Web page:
Alternative Christmas carol echoes truth of the season
Once I’ve heard “We wish you a merry Christmas” and “Jingle Bells” a few too many times each year, I turn to a an old secular hit to get a break. As we’ve begun the Extraordinary Jubilee of Mercy, I’ve been thinking about this “alternative Christmas carol” in a new light.
Here’s a snippet:
“Cause I don’t need boxes wrapped in strings and designer love and empty things, just a chance that maybe we’ll find, better days.”
Watch the whole thing below.
That’s “Better Days” by the Goo Goo Dolls. The band has been around since the late 80s, got famous in the mid-90s and in 2005 released this song for a Christmas album put out by the retailer Target. This song is born from the commercialization of Christmas and yet still, it speaks in clouded ways to eternal truths. One of the band’s founding members, John Rzeznik, was raised Catholic and attended Catholic school. Though other songs by the band veer into dangerous moral territory, this one gets it right.
What is Christmas but a celebration of hope? Christmas marks the coming of the long-awaited messiah. It is the moment the Word became flesh and dwelt among us. Christ has come, and good news is coming with him.
Better Days is a song so full of that hope and, despite what might be called theological confusion, even makes a direct reference to Jesus as the “one poor child who saved this world.”
The Year of Mercy has me thinking of this song again. The refrain, seemingly in reference to Christmas, says, “Take these words, and sing out loud. Cause everyone’s, forgiven now. Cause tonight’s the night the world begins again.”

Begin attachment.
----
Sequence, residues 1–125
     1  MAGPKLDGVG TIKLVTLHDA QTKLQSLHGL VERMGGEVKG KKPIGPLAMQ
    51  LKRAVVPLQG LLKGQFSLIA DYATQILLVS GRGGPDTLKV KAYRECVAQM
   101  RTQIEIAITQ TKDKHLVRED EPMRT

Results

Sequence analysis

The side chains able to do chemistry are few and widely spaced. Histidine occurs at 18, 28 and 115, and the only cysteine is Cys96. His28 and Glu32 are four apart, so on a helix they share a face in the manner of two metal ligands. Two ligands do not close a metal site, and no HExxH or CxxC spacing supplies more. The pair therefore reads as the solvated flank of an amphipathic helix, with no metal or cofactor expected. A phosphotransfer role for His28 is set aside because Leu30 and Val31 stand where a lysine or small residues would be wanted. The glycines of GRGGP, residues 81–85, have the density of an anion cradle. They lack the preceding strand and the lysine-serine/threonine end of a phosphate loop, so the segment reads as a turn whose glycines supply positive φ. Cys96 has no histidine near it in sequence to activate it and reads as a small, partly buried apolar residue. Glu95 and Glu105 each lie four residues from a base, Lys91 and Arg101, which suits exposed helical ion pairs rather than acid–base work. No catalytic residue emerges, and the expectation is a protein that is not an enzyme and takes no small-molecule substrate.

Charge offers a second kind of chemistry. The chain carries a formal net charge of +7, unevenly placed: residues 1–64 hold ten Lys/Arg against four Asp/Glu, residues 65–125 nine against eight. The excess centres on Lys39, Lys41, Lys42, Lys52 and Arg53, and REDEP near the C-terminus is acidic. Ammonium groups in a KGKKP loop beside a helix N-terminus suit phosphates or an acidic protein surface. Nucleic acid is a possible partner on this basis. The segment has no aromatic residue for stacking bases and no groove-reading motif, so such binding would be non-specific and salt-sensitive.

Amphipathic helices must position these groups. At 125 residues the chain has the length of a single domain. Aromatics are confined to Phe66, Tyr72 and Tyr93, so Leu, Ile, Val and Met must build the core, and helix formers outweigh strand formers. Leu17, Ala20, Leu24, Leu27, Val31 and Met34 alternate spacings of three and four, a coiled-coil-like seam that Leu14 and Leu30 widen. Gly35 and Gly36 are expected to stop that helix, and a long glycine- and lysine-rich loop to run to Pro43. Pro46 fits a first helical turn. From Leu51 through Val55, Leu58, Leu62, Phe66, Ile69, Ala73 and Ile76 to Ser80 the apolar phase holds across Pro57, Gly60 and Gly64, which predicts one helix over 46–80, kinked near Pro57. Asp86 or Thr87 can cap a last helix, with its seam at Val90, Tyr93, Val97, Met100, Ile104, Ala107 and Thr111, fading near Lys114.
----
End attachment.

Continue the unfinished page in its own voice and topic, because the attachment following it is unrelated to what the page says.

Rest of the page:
While Christ’s actions on Calvary, not his birth in Bethlehem, are the actions that redeem the world, the manger is where it began. Christ’s birth night is memorialized in “O, Holy Night,” and “Silent Night” among others, and the Goo Goo Dolls note the importance of that moment again here.
There was a fundamental change in the world on that first Christmas night. The day before, God was omnipresent as always, but on that night, He was flesh and blood. Perhaps more than any day in human history, that was a moment that changed everything. If Christ is the new Adam, then that first Christmas really was the “night the world began again.”
As Pope Francis is the one who called this Year of Mercy, the song brings to mind some of his recurring themes as well. While there is only one Jesus, the song mentions him in the context as a small child who saved the world “and there’s 10 million more that probably could if we all just stopped and said a prayer for them.” Actually, about a billion children on this planet live in poverty. They all need our actions and our prayers to help them.
As all of us are called to bring Christ to others, any one of us is part of the “10 million more” with a saving mission. Christ did the real saving, but we can witness to him. We can bring his light and joy and hope to a world in a dark December.
To end, let’s remember how the song starts. The singer is asked what he wants for Christmas, and he asks not for gifts, but for better days. He asks for hope, and Christians know that hope is Jesus Christ, born in a manger in poverty and seated now in glory at the right hand of the Father.
Secular music isn’t often the best place to find Christ, but his love permeates this song and others like it. So take these words, and sing out loud — especially if you’re getting a little tired of Rudolph.
Note: Speaking of Christmas tunes, I got the idea for this commentary after reading my boss Steve Trosley’s column in our December edition about a 50 year old take on a Christmas carol that still fits the times. Check his column out here.